To be, rather than to seem
On loss and perseverance as a Tar Heel and a North Carolinian. April 10, 2016.
My family moved to North Carolina when I was just starting second grade. I grew up in Raleigh and went to college just down the road in Chapel Hill. Sure, I was born in Georgia, but I was raised in North Carolina, and when people ask where I’m from that is the answer I give.
I haven’t lived there, though, since 2010. I left to reside in a tent while making my way through the US and Canadian Rockies. I then settled in New Orleans for three and a half years, picked up to live for awhile in a different tent in New Zealand, and am currently coming up on two years in Boston. Still, North Carolina is and always will be my home.
With UNC Chapel Hill being my alma mater, you might correctly guess that it has been a tough week to be a Tar Heel. Our men’s basketball team lost in heart-wrenching, soul-crushing fashion to Villanova in the NCAA National Championship game a week ago. We were a team with flaws. We were inconsistent. We lacked the depth of talent across positions that is critical to being a powerhouse team. None of that seemed to matter. By some combination of determination, skill, and luck, we made it to the big dance.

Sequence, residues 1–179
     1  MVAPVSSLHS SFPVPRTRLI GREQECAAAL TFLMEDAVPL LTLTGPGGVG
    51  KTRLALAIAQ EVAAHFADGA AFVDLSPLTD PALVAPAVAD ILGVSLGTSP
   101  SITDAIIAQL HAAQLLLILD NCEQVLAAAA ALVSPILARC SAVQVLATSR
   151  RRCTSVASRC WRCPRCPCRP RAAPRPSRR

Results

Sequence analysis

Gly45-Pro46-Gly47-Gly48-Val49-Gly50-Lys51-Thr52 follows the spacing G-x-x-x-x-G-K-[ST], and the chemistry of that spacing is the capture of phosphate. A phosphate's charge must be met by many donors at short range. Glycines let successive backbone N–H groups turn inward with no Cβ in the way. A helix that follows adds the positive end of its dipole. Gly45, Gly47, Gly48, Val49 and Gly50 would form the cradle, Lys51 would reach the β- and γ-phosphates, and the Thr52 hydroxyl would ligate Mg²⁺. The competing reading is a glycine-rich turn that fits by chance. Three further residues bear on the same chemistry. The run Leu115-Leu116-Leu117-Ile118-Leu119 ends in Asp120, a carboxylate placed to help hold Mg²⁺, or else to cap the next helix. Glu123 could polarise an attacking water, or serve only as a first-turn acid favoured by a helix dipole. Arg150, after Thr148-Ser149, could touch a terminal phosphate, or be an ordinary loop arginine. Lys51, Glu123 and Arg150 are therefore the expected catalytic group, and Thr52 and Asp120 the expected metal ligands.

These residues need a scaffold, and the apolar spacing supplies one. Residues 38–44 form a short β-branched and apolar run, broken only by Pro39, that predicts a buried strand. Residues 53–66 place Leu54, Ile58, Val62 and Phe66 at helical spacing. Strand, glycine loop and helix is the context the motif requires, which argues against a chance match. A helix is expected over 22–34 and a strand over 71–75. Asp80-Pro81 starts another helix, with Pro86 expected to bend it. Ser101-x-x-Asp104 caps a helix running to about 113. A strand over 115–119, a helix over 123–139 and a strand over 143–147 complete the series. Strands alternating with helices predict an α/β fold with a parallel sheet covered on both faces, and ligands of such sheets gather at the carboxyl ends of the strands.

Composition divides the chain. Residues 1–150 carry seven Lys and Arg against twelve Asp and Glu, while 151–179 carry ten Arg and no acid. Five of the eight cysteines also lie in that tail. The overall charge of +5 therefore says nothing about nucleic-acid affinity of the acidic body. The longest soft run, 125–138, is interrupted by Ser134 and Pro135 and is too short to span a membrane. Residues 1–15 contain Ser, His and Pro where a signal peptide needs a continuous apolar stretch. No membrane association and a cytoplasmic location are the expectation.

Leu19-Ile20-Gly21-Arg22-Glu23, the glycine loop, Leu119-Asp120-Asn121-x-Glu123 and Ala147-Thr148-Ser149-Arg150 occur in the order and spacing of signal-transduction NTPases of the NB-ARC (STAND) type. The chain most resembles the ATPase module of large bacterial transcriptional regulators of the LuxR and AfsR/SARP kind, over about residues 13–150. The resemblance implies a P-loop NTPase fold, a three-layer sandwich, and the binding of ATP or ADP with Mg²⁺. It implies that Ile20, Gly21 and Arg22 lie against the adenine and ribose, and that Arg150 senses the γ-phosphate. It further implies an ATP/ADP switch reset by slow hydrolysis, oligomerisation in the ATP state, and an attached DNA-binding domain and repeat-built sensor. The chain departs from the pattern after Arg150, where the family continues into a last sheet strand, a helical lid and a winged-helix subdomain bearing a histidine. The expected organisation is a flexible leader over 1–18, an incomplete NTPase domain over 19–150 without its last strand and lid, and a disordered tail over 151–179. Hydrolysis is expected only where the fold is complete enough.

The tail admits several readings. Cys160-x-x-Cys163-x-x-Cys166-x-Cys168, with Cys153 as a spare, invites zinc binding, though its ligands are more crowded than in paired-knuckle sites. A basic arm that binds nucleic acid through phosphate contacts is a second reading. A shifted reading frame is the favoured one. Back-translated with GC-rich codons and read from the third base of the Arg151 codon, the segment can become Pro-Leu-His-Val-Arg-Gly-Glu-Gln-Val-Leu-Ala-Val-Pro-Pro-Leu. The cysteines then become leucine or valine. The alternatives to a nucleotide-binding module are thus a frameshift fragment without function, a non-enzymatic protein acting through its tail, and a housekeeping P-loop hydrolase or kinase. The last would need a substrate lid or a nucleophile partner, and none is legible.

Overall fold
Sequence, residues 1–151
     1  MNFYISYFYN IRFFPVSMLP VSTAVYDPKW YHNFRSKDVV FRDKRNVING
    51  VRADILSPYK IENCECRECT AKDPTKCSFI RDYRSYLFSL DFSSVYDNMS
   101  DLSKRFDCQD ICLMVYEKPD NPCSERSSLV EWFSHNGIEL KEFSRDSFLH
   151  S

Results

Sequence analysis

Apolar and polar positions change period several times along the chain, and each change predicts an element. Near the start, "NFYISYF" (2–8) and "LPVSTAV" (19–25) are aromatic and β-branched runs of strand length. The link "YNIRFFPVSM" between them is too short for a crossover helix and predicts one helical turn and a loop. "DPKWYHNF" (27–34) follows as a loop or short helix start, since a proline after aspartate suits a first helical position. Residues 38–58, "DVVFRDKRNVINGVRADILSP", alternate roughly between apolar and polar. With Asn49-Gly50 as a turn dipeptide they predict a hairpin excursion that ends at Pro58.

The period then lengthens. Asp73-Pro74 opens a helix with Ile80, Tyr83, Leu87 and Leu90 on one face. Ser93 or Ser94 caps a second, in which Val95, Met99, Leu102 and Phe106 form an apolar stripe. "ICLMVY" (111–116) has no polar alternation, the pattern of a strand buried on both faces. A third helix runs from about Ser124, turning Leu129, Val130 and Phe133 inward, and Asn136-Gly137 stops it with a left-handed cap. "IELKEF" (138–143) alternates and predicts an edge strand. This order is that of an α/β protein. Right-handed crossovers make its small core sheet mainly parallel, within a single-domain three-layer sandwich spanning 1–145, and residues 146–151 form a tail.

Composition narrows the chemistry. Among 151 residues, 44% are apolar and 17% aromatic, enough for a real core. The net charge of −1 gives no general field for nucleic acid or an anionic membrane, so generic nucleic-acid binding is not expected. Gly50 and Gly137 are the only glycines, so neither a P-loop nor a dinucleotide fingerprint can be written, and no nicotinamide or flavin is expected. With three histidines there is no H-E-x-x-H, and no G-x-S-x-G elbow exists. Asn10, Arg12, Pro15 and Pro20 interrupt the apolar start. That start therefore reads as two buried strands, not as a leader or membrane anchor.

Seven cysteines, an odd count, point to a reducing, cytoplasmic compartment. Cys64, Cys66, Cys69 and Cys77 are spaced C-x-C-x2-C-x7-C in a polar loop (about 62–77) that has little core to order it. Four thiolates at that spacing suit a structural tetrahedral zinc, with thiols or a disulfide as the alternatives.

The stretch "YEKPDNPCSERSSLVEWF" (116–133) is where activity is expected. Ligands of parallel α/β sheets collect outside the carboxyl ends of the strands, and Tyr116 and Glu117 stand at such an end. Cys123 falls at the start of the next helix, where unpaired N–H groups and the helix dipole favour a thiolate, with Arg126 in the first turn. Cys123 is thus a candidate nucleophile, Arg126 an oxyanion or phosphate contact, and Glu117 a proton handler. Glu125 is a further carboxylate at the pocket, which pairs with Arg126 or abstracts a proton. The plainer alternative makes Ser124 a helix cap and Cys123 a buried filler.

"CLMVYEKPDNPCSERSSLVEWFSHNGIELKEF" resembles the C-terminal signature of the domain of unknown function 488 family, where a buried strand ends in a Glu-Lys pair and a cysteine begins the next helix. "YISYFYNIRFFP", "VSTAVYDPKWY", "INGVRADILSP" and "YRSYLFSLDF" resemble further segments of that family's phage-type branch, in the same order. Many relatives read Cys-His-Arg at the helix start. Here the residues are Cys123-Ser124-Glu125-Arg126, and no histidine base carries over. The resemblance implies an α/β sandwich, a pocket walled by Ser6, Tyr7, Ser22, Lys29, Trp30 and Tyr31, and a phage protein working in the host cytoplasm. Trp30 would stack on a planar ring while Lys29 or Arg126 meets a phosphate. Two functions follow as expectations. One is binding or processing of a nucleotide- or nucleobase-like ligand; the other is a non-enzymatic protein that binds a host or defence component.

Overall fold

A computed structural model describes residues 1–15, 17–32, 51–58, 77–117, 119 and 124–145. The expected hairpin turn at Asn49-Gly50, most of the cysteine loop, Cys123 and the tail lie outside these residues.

I believed in our team. I cheered with intensity as Joel Berry carried us in the first half. I applauded an amazing display of defense, screaming my discontent with the refs’ differing opinions. And I fervently hoped as Marcus Paige defied all odds and brought us neck and neck with Villanova in the last minutes of the game.
We all know how it ended. How 4.7 seconds changed our fate.
What I did not expect was the level of dismay I have felt this past week. We won the ACC regular season, were ACC Champs, and had a stellar performance in the NCAA tournament that will result in another Final Four banner hanging from the rafters in the Dean Dome. By all accounts, I should be pretty happy despite the loss.
I have realized, though, that the disappointment I am feeling has to do with a lot more than one game of basketball. The way it felt when Kris Jenkins sank his game-winning three is, for me, not an unfamiliar feeling. Yea, it has been a tough week to be a Tar Heel, but it has been an even tougher few years to be a North Carolinian.
Our state has made national news in recent years for actions unbecoming more times than I am comfortable admitting. It started with the athletic-academic scandal at UNC — the first public university in the nation, the “university of the people” — that broke in 2010, tarnishing the value of my hard-earned degree. It picked up speed with a constitutional amendment against marriage equality a few short years later and has not relented since the 2012 elections brought Republican control over both the NC executive and legislative branches for the first time since 1870 (for full disclosure, I am an independent, and have voted for republican, democrat, and third party candidates). A perusal of the Wikipedia page on Moral Mondays will give an outsider all the necessary information on what has since ensued. Curtailing voter rights and pulling the rug out from under teachers have been among the most egregious actions.